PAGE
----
Conference overview > Keynote speakers


Monday 2nd September 2019

Raul Payri, CMT Motores Termicos, Universidad de Valencia, Valencia, Spain
Experimental and numerical study of primary atomization

Abstract: The analysis of sprays is becoming more and more challenging during the last decades. On the experimental side, OEMs are pushing towards state-of-the-art injection condition, with pressures reaching thousands of bars. On the other hand, the surge of Direct Numerical Simulation (DNS) allows to increase every year the complexity of the flow studied, until a point where atomizing sprays are becoming a feasible simulation. In this context, Prof. Payri will discuss the latest approach used within his research group for analyzing sprays, where Near Field microscopy analysis are coupled with DNS, in order to improve the knowledge on turbulence, atomization and comparability between experiments and simulations.


Tuesday 3rd September 2019

Lydia Bourouiba, Massachusetts Institute of Technology, Cambridge, USA
Unsteady Fragmentation

Abstract: Understanding secondary droplet formation from fluid fragmentation is critical for understanding or controlling a large class of industrial, environmental, and healthcare processes involving spray. Despite the complexity and diversity of modes of unsteady fluid fragmentation into secondary droplets, universality across geometry and fluid systems emerges. We discuss results from our joint experimental and theoretical investigations elucidating the role of unsteadiness in shaping a ubiquitous, yet neglected class of fluid fragmentation problems. In particular, we revisit fundamental assumptions of hydrodynamic instability and reveal how unsteadiness and multi-scale dynamics couple to select the sizes and speeds of secondary droplets generated.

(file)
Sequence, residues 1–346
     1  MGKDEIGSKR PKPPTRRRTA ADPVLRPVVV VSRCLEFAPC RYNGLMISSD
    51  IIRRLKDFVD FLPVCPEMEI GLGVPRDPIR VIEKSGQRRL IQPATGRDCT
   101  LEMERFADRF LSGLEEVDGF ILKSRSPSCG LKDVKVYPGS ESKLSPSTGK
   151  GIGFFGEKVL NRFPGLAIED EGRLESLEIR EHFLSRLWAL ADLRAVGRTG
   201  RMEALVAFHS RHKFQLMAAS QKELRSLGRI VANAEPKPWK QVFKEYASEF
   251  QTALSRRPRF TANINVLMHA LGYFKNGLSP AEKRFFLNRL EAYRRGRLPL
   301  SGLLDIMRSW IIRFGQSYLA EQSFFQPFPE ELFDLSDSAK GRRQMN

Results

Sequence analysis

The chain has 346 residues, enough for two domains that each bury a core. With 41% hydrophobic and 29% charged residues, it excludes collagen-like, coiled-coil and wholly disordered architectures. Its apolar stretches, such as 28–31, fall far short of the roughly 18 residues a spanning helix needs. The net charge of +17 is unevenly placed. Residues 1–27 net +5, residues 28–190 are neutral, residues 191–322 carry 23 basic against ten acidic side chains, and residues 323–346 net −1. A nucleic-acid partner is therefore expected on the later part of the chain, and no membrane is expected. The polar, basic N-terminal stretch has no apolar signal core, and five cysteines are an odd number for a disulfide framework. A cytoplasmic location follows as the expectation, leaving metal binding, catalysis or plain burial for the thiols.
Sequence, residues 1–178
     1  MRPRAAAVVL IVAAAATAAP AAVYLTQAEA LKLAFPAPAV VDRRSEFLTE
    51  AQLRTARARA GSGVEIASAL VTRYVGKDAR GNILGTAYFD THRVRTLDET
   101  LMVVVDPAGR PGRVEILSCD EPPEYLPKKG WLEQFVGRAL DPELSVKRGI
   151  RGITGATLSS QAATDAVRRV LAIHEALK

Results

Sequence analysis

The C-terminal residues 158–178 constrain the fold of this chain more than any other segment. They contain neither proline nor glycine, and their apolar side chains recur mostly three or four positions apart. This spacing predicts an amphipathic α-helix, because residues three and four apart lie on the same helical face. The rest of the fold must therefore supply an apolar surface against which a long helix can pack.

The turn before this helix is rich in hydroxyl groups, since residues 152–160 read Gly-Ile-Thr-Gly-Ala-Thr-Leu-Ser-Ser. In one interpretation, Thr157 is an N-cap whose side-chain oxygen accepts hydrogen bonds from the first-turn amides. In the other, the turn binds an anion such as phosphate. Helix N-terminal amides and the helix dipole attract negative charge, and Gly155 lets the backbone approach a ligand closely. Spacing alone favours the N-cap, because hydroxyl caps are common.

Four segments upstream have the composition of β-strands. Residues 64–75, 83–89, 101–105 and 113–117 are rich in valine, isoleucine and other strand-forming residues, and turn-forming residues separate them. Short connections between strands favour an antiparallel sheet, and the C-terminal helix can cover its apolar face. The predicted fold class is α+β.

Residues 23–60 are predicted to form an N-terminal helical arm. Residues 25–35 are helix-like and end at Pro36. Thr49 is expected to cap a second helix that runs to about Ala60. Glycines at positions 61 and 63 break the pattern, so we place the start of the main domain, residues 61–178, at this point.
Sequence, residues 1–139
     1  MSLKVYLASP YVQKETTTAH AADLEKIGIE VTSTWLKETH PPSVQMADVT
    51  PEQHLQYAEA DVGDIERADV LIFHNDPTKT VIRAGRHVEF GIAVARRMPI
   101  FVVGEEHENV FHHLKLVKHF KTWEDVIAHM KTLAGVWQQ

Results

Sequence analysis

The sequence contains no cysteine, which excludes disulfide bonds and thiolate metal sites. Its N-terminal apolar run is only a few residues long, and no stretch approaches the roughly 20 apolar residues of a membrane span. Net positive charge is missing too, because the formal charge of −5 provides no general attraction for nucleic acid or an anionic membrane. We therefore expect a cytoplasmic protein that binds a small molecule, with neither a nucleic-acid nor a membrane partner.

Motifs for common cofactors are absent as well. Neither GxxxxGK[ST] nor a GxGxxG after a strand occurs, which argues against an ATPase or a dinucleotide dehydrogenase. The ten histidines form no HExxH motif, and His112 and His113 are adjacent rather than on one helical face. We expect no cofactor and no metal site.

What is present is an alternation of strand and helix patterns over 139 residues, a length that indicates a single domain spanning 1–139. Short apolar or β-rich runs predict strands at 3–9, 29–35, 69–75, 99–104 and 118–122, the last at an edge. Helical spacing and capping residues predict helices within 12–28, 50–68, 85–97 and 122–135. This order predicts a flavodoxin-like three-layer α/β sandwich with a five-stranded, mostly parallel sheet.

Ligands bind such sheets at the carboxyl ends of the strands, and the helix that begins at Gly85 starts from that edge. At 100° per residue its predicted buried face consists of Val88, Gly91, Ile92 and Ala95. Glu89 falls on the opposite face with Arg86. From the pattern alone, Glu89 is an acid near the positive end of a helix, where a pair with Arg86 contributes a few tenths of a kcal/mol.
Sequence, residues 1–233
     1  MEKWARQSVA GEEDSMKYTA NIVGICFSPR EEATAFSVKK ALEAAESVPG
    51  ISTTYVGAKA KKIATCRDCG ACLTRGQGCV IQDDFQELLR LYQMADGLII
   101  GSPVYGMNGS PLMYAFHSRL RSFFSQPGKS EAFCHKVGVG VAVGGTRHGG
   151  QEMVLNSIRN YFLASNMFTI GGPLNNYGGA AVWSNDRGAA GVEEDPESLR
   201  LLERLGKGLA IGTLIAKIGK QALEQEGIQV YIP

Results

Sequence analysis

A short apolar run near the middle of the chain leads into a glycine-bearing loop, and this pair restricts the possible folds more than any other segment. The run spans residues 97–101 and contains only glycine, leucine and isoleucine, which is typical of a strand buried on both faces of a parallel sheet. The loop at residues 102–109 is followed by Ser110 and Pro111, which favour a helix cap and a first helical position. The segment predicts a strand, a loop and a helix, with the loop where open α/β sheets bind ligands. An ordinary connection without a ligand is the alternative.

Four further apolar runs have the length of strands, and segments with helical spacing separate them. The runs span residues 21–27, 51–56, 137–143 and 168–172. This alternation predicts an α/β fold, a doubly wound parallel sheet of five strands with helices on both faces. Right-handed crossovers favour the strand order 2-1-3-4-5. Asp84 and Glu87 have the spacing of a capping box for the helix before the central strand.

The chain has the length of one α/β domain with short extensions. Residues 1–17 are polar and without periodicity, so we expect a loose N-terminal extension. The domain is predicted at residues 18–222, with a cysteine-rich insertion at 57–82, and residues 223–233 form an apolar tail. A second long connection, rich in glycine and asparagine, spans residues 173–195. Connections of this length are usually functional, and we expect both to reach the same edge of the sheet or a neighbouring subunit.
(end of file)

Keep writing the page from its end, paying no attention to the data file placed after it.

Wednesday 4th September 2019

Heinz Pitsch, Institut für Technische Verbrennung, RWTH Aachen University, Aachen, Germany

From Fuel to Power (and Emissions): A numerical journey though automotive injection and combustion systems


Abstract: E-fuels are chemical energy carriers made from renewable electricity and carbon dioxide. They can provide energy storage to cope with the volatility of a renewable energy market and be used as clean and sustainable fuels for mobility and transport. The group of oxymethylene ethers (OMEx) has great potential in this regard. To use these fuels, injection and combustion systems have to be re-designed and optimized, and numerical simulations are an essential element in this process. Different relevant aspects will be discussed in this presentation including simulations of nozzle internal flows and their effect on wall film formation and atomization and the resulting influence on mixing and ignition. Reduced order models which are used for fuel design by connecting fuel structure, properties, and injection with pollutant formation will also be described.
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